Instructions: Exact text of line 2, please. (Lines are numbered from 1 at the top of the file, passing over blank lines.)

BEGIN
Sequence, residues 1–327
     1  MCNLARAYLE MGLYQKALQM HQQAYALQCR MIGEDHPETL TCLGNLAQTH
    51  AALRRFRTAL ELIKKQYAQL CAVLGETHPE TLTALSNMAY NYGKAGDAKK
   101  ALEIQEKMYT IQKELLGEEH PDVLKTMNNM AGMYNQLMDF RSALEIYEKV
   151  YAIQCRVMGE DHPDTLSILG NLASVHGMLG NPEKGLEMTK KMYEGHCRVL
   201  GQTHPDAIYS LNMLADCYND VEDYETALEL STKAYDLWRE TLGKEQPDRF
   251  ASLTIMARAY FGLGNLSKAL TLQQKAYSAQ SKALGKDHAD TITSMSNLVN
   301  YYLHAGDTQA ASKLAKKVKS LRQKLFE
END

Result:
     1  MCNLARAYLE MGLYQKALQM HQQAYALQCR MIGEDHPETL TCLGNLAQTH